Sometimes, if you cry real tears, even if it is just one tear, something wonderful can happen. Like it does in The Velveteen Rabbit at the end of the Unicorn’s revival, back in time for Easter and by popular demand.
Real is the undeniably significant term here in a show that is all about magic. Magic of play. Magic of theatre. The magic created between friends. And that most transformative of magics- love- that thing that can sometimes happen to us.
Purni Morell’s stage version of this 1922 parable by Margery Williams throws us into the world of The Velveteen Rabbit, hidden in a huge Christmas stocking and suit, set to become the Boy’s next best thing. Except we see, as he emerges from this gargantuan sock, that he is not a toy rabbit at all, but a man in a brown jacket observed silently by other men- all wearing grey suits and carrying brief cases. For the tiniest of moments we think we are in for some Beckettian gallows humour and indeed there is something of the Theatre of the Absurd about these characters, something puppet like and hopeless… But the adult moment is quickly dispelled by the swishing across of James Button’s curtains, the swooping down of a blue sky and Tarek Merchant dashing to the piano to play out Jason Carr’s mesmerising silent film like score as we watch the Rabbit, whose fame with the Boy lasts for a small amount of time, lie lifeless and forgotten on the Nursery’s hard floor. To soothe his sense of worthlessness, an Elder, the Skin Horse, gives the Rabbit this bit of advice: ‘Real isn’t how you are made. It’s a thing that happens to you’. And subsequently we see just this as Boy and the Rabbit, reunited in childish games, explore what play is, how it wordlessly unfolds between two who are close in a kind of dance, how anything can happen if it can be imagined.
Surrounded by enthralled children I was thinking, this show is about so many other things than just its main preoccupation. We see life from the perspective of a supposedly inanimate object for one thing. We are asked to consider the nature of visibility and invisibility and how one can form one’s identity built solely on the expectations of others. It is about metamorphosis. Perhaps resurrection. About beauty being in the eye of the soul, not the beholder. And of course it is about being real and what the Rabbit can find, and how he can face his dark night of the soul, when he is torn apart from the Boy for the second time.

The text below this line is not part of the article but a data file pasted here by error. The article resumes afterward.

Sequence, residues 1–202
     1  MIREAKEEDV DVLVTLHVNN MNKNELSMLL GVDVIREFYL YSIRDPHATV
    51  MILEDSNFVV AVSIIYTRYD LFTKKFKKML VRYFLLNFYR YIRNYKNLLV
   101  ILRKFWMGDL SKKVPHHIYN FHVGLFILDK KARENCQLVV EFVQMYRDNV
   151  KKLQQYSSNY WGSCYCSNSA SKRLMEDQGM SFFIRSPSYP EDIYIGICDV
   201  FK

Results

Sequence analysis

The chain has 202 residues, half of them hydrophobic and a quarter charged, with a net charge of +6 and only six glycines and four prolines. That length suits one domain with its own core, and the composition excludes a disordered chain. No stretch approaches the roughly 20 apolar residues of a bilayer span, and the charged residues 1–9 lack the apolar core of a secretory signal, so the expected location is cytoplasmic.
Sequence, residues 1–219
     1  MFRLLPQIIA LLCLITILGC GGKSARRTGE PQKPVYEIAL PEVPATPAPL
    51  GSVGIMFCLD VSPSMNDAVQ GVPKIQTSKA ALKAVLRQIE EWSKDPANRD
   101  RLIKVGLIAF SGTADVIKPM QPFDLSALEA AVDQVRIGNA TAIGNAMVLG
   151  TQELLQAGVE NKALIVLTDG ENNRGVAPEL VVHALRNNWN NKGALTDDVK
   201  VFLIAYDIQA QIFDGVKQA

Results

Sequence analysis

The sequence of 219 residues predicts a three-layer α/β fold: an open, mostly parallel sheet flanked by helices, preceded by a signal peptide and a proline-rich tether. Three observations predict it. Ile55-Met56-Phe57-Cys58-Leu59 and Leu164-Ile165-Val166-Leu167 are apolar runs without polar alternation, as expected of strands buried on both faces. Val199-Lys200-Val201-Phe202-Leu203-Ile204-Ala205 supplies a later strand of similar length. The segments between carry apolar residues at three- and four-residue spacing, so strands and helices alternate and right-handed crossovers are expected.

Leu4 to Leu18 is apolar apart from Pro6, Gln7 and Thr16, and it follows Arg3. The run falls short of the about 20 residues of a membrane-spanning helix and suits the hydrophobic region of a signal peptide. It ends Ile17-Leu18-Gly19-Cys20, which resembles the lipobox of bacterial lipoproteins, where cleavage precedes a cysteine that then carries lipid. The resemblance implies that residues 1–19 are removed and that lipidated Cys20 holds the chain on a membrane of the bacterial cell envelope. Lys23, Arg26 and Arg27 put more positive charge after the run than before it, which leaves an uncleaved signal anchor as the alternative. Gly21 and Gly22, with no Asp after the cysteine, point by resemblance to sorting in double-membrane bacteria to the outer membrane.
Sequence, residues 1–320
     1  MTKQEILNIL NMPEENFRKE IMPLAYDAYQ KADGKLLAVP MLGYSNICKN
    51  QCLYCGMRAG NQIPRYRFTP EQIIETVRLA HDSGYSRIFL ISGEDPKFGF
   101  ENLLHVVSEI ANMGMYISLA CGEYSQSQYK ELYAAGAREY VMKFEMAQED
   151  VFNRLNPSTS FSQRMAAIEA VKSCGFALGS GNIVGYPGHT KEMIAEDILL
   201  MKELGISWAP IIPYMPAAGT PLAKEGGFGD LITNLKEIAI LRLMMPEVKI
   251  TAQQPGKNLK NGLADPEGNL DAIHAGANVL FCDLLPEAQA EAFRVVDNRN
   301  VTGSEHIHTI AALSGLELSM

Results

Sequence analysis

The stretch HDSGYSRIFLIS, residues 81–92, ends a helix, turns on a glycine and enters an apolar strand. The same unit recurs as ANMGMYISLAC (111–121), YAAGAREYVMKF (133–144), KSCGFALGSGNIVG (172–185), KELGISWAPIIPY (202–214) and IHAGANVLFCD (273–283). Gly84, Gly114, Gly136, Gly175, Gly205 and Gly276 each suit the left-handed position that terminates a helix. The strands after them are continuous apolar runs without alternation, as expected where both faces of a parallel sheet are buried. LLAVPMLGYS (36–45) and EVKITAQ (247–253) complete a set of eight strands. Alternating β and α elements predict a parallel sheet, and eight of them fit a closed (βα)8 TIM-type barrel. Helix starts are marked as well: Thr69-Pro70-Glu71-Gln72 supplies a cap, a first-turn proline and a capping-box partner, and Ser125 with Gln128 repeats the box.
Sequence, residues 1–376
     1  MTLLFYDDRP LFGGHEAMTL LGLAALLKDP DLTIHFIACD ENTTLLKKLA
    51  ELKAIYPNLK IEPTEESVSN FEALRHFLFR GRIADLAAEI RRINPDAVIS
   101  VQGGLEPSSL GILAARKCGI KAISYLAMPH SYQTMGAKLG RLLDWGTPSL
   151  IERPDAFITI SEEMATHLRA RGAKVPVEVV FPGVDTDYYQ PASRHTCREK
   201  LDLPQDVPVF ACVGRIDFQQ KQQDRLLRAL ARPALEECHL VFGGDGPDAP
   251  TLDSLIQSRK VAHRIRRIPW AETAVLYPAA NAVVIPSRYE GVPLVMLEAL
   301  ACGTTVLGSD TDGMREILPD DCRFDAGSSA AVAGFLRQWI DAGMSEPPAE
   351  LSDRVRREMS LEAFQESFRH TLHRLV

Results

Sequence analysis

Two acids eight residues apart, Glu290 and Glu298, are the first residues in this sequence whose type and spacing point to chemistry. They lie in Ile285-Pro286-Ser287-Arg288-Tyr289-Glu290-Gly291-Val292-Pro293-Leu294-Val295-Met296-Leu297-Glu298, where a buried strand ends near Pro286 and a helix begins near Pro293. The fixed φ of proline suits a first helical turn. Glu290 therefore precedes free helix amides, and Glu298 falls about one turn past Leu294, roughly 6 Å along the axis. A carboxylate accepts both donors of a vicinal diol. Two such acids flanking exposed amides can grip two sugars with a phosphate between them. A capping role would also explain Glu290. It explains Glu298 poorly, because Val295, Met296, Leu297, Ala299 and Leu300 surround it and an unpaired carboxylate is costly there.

And it is about crying. And when the Rabbit sheds a tear, something can grow. It is a magical moment. How many times do we see this in adult theatre, where at best, we view someone crying with a sense of shame, as if we are voyeurs intruding on a moment that is seen as painful, private and even failing? Whereas the beauty of this production teaches us that it is natural, beautiful and healing, paving the way for something new, though a new that is not unrelated to the past.
The play is seamless, it has its own rhythm and regular pulse, like a long visual poem. It combines physical theatre, synchronised movement. There are hardly any words, except from Anthony Weigh’s ever changing rather authorial and slightly absurdist narrator- reminding us of that grey dull world that awaits for lack of imagination, lack of growth, lack of love. Christian Roe’s Rabbit and Ashley Byam’s Boy are in perfect harmony with each other.
All the way through too, one little boy got it and could not refrain from shouting out that Christian Roe’s Rabbit was actually a man. Thankfully, not the same kind of man we see at the beginning of the show though.
Compelling and crucial, The Velveteen Rabbit continues at the Unicorn until 26th April
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